You are close to 60, which gives you little room for manoeuvre. In the systems area, the average age of the employee has been going down world wide. There is also a perception, incorrect as it might be, that younger age means being a little more 'with it' in terms of technology. You need to reconcile to this trend in the job market. You should look for smaller private companies or entrepreneurial firms that will value your experience and give you the kind of employment you seek. You need to look out for ads about similar positions as well as part-time consulting assignments. Logically, all you are looking for is three years of employment before you hit the retirement age. I hope you have negotiated a good severance/retirement package from your company. That should also stand you in good stead.

Answers to your career concerns are contributed by Tarun Sheth (Senior Consultant) and Shilpa Sheth (Managing Partner) of HR firm, Shilputsi Consultants. Write to Help,Tarun! c/o Business Today, Videocon Tower, Fifth Floor, E-1, Jhandewalan Extn., New Delhi-110055.

"Transparency In Compensation Is Vital"

With fresh debates raging on CEO and board compensations, issues like CEO performance and transparency are back in the buzz. P. Dwarakanath, Director (hr & Administration), GSK Consumer, spoke to BT's about emoluments for executive and non-executive directors in his company.

What is your company's policy regarding board pay?

We offer a fair, equitable, and competitive compensation to attract and retain the best talent.

How do you determine the salary and benefits of the board of directors?

The remuneration committee takes into account cost of living, market standards and performance.

Does it compare with global standards?

Yes it does. However, a direct dollar comparison would be unfair.

What skills do you look for in a director on the company board?

We look at their leadership and people skills. We also factor in their commercial acumen and appreciation of a business atmosphere.

What are the corporate governance issues that your company lays stress on?

Our organisation had a robust corporate governance code in place even before it was mandated in India. Transparency and openness are key issues for us. For an executive director, the motivation derived from the prestige associated with being on the company's board is far greater than any cash compensation.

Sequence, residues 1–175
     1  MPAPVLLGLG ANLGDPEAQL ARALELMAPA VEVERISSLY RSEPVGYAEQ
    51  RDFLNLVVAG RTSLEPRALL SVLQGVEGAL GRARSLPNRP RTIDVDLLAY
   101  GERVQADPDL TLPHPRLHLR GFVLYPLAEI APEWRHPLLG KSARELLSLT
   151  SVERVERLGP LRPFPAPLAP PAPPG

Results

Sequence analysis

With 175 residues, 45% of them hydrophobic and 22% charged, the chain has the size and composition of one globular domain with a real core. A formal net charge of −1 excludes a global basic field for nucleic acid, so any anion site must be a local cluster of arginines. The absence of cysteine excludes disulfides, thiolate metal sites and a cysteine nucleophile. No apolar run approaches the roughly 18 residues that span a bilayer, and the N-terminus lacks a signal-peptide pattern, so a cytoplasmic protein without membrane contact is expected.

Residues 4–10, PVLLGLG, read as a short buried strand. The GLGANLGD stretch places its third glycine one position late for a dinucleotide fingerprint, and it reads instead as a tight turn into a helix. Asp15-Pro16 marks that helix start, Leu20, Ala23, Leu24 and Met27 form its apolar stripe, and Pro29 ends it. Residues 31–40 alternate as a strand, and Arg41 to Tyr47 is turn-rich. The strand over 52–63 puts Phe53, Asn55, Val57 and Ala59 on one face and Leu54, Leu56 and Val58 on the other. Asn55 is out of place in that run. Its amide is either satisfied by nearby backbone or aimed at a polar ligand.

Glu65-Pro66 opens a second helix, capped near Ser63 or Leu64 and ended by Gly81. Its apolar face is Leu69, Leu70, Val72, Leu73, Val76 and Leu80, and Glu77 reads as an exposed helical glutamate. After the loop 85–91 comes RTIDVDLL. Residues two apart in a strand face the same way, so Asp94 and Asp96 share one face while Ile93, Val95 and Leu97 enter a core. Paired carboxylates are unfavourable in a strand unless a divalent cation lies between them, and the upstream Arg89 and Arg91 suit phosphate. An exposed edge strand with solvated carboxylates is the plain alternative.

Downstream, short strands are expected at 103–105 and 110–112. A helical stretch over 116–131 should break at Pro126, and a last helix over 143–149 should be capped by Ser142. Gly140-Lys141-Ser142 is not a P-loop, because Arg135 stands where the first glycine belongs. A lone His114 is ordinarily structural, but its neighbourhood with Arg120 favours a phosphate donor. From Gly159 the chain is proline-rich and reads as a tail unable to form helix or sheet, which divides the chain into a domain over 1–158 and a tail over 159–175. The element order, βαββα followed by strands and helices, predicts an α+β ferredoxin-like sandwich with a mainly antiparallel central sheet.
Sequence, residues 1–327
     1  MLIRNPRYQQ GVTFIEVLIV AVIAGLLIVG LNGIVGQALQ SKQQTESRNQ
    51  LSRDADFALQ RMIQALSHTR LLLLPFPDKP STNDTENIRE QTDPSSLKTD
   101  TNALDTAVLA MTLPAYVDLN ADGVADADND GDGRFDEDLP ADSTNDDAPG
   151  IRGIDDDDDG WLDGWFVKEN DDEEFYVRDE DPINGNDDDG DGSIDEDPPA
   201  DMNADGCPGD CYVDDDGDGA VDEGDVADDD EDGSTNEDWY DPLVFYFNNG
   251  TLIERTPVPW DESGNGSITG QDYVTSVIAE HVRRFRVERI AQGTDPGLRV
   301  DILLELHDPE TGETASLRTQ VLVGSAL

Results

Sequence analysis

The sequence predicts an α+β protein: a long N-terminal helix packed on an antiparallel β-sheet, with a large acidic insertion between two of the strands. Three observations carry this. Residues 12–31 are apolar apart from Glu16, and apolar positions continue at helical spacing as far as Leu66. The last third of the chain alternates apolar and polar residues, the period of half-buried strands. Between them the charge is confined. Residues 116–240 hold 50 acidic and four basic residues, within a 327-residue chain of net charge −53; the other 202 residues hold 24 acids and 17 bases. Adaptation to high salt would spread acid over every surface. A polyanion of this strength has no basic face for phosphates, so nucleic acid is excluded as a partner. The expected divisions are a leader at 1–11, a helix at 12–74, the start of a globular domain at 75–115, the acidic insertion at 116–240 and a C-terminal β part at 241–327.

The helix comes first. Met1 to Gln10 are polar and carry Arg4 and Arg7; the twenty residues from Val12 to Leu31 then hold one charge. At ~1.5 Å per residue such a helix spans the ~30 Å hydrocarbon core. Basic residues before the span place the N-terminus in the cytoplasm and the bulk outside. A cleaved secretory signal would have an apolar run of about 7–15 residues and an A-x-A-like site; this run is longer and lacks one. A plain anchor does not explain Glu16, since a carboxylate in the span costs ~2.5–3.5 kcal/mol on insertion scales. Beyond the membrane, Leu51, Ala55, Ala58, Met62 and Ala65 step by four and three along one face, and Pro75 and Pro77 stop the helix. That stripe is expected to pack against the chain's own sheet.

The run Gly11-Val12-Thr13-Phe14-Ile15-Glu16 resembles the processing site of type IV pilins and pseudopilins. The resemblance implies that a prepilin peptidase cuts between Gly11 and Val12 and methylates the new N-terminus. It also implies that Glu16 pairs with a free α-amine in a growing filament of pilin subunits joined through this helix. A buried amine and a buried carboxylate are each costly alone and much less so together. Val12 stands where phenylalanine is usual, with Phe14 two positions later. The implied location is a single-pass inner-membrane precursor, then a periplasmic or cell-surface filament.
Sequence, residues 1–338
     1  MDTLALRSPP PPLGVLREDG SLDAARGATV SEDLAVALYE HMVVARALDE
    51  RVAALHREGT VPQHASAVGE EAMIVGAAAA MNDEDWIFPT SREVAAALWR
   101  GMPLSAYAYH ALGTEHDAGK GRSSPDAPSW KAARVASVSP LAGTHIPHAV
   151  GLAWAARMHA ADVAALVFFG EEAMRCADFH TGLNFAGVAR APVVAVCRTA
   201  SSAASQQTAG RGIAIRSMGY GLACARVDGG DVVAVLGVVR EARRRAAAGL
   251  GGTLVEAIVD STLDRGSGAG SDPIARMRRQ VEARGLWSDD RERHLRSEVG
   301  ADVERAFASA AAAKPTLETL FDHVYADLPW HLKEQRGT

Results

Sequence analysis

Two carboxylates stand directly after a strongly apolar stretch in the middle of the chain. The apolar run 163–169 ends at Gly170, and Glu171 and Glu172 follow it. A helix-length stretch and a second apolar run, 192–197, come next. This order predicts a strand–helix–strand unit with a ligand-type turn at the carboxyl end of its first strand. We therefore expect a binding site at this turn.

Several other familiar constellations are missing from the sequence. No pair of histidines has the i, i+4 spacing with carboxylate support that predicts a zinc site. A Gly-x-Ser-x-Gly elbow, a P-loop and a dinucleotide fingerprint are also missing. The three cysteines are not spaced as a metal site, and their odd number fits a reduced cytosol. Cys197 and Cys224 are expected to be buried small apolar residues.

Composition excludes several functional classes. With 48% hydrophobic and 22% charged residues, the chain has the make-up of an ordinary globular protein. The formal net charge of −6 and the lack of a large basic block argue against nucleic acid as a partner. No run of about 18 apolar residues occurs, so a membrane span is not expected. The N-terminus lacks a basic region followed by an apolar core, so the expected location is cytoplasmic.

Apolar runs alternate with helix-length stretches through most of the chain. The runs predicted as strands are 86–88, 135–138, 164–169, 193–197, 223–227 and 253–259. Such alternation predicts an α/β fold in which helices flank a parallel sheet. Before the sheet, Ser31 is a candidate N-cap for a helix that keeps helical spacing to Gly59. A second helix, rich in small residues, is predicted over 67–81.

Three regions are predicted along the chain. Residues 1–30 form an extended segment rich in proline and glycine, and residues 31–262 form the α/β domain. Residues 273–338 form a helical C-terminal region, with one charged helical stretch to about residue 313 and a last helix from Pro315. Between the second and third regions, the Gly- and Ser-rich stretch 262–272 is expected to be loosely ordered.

How Much Should The Directors Get?

The first milestone in corporate governance in India was the report of the committee appointed by the SEBI under the chairmanship of Kumar Mangalam Birla in 1999.

Among several important aspects of corporate governance that the committee looked at were the composition, role, and remuneration of the board of directors. Though it clearly defined the first two, the compensation aspect was not dealt with in detail. Its recommendation was for setting up a remuneration committee to determine compensation of directors, recognising that the remuneration package should be good enough to attract, retain, and motivate people of a high calibre, but not more than necessary for the purpose. A disclosure of the remuneration package in the corporate governance section of the annual report was also recommended. However, the particulars of what factors should determine the compensation of the board members were not dealt with.

Most (good) companies in India comply with the SEBI recommendations and disclose details of the compensation package their directors get. But there's still a huge gulf between Indian and global practices. "The board pay should be a combination of salary, bonus, restricted stock grant, stock options, and unit share payments," says Poonam Barua, Regional Director, The Conference Board, India, "and long-term performance of the board should be a key factor in determining pay, which is rarely the case for companies in India."

But some companies like Infosys are making an effort to set things straight. "Payments to the directors are often restricted by the Companies Act," points out Atul Vohra, Senior Partner, Heidrick & Struggles, "though there certainly is a need for better emoluments."

As awareness of the need for better governance increases, things will hopefully fall in place.